Anyone who knows anything of me, knows of my love for the artist and illustrator, Tasha Tudor. The first book I ever received of hers was a copy of Becky’s Christmas in the early 60’s as a gift from my mother. It was during a time that I was reading Little House in the Big Woods by Laura Ingalls Wilder and I was swept away into history and times past with images of family life in those settings. As an adult, Tasha’s quaint illustrations became my inspiration for not only taking time out to celebrate and handcraft throughout the year, but also to weave into my life, time for embellishment and illustration in whatever I was doing.
One of our favorite books when the children were growing up was Tasha Tudor's A Time to Keep.
Now, this simple book not only had an influence on the wardrobe choices of my daughter Nelly, who, for several years, would only wear calico or flannel long skirts, often with an old lace tablecloth draped around her shoulders as a shawl, but also the actions and adventures of many of our family activities. It is funny how something so simple as the illustrations in a book could have such an influence on the celebrations that marked the time of my children’s childhood days.
The pictures were pleasant and sweet, the words were few, but were just enough to inspire us to gather together and create our own special holiday home crafts and activities.
One year, for Nelly’s 8th birthday, we even made our attempt at the August cake that drifted down the river, as inspired by their favorite pages in the book....
” But best of all- the birthday cake came floating down the river.”
Our attempt was not quite so awe-filled as the book, but still brings a smile to my face as I remember our son Matt pushing our kayak from behind under the water with a fireweed adorned cake on top. I chuckle when I remember as it emerged around the corner on that one Alaska light filled night at Skater’s Cabin. I fondly remember Nelly with her pinafore dress, all the girls with their triangle shawls and those young boys with hand sewn neck kerchiefs, watching it arrive safely on the shore of the banks of Lake Eyak. Those surely are memories of "A Time to Keep.”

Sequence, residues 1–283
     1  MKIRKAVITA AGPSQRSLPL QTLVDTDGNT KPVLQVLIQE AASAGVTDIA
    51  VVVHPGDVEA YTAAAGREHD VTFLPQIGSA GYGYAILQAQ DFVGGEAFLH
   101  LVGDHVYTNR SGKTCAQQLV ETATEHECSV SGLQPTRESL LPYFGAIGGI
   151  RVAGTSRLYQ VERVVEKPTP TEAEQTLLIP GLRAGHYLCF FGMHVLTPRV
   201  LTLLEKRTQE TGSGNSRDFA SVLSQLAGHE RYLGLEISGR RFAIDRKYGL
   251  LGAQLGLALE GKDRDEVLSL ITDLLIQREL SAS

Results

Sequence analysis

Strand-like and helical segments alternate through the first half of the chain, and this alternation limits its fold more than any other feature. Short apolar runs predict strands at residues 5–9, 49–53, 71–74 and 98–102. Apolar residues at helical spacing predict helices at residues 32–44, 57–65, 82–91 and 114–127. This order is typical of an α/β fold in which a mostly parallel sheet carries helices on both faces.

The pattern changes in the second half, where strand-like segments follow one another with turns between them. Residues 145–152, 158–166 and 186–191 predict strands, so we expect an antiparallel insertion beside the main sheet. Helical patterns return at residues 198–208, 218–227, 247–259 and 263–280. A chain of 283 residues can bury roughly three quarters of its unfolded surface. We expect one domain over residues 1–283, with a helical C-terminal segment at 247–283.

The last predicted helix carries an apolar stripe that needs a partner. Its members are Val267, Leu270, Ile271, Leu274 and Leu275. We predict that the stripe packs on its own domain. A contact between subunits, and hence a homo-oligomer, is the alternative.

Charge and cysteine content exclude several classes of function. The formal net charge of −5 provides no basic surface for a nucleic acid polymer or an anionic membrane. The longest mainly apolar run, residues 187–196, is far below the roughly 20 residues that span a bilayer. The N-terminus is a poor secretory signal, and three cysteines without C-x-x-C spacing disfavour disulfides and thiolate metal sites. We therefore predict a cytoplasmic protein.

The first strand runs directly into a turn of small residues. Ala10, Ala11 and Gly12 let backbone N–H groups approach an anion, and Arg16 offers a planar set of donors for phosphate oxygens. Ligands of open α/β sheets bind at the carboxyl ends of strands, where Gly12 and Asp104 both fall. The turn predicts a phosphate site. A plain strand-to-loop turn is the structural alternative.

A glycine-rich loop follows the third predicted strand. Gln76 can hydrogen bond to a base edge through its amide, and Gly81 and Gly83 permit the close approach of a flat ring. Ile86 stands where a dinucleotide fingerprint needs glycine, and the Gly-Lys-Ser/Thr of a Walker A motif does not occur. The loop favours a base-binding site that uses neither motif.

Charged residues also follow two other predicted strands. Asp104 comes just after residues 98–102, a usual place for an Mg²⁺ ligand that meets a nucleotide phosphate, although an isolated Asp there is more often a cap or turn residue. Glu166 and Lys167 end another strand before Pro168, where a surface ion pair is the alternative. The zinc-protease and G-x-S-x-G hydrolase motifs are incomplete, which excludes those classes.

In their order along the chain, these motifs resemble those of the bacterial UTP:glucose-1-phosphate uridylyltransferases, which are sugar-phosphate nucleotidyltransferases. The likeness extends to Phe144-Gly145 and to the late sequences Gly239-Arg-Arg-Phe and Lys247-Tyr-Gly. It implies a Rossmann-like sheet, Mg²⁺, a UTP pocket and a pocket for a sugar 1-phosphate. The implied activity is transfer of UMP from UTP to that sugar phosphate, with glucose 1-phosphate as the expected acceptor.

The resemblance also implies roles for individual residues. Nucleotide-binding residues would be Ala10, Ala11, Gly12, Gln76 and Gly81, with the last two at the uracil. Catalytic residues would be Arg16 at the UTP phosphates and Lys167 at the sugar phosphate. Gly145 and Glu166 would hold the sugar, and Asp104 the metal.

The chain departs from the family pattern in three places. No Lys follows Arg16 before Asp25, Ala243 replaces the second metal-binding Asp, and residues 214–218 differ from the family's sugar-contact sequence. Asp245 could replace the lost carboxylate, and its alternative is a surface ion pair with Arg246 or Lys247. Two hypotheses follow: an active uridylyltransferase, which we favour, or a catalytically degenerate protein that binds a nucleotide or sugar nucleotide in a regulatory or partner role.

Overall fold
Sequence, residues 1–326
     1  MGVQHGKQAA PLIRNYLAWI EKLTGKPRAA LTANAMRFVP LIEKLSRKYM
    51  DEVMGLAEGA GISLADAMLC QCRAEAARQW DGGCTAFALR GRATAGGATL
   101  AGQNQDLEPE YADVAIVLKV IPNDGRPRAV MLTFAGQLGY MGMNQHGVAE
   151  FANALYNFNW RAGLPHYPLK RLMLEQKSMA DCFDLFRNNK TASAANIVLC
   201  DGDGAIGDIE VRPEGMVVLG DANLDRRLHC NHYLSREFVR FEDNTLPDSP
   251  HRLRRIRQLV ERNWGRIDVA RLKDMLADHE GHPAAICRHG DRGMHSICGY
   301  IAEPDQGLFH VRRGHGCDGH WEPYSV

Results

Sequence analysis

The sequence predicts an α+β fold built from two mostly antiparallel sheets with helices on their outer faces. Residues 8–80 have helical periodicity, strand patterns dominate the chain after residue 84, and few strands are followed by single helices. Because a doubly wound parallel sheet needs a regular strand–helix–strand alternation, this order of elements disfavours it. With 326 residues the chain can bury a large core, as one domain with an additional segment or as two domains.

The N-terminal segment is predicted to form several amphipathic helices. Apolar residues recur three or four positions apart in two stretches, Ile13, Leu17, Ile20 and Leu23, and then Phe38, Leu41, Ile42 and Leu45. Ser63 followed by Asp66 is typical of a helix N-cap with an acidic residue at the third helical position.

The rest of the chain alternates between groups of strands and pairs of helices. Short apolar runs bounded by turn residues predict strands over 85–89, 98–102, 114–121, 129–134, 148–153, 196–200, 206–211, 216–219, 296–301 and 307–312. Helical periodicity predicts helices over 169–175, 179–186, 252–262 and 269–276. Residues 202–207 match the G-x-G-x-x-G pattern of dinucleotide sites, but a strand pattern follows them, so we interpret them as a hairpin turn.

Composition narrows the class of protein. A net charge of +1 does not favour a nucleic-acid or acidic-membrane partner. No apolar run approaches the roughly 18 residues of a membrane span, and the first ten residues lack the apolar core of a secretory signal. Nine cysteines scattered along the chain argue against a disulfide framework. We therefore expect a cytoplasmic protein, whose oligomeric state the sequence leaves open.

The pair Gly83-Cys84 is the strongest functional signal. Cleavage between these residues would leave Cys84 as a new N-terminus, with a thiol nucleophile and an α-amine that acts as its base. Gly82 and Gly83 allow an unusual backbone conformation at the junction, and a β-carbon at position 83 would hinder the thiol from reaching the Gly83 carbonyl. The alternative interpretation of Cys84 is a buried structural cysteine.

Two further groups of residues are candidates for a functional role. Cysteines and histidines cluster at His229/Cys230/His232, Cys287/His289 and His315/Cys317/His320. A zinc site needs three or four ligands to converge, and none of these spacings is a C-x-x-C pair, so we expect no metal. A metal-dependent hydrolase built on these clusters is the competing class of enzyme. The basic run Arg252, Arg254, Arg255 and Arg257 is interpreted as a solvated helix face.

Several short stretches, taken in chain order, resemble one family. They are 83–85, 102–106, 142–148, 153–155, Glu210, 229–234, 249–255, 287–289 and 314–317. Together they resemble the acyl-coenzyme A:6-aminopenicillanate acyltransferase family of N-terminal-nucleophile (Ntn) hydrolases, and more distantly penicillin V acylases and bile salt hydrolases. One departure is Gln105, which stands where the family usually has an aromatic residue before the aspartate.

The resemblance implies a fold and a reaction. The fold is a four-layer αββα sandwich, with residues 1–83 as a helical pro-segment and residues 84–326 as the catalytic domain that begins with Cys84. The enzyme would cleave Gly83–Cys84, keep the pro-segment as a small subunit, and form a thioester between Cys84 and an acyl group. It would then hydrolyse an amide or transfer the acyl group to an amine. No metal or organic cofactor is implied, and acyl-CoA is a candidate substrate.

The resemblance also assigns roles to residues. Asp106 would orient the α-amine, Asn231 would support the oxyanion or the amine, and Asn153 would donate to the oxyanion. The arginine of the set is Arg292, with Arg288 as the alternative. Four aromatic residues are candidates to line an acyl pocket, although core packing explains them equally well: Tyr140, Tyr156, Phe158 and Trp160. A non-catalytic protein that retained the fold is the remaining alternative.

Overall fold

There is a wonderful blueberry coffee cake and delicious hot cross buns that are perfect for Easter morning.
The book is laced with her sweet stories and illustrations , and right now we have several copies available at the shop.
The next Tasha Tudor treasure we are stocking is Tasha Tudor's very special goat’s milk soap. I thought these soaps would make a lovely addition to an Easter basket, or even as a special Mother’s day gift or birthday present.
These goat's milk soaps are SO very sweet. They are handmade in Vermont, and come in an illustrated keepsake gift box ( which of course I would save to keep treasures in) Scented with essential oils, these wholesome five ounce cakes of soap are sculpted with pictures drawn from life at Tasha Tudor’s Corgi Cottage and made with goat's milk, which has a pH level similar to your skin so you get clean while keeping the healthy oils you need to stay moisturized.
The next gift item comes from CLICKS, those great magnets that encapsulate the artwork of various artists. Anyone who loves the artwork of Tasha Tudor will love these magnet sets.
They are perfect and amazingly strong to secure children's artwork, important reminders, and other precious papers onto the family fridge, office file cabinet or any other metal surface you like. Contains 4 magnets, one of each image. Excellent for Easter baskets! In addition, we also now have in stock, a couple styles of her greeting cards as well.
Last, but not the very least, are limited edition seed packets from Tasha Tudor’s garden. I just have a small number of these and wanted to give you a chance to purchase these now, so if you are wanting to start your indoor seedlings, you will have plenty of time. Bellflower, columbine, forget me nots…embellished with Tasha’s illustration, these seed packets make a perfect spring gift for a gardener friend or treat for yourself. These will be out in the shop the day after Easter, and limited to supply on hand.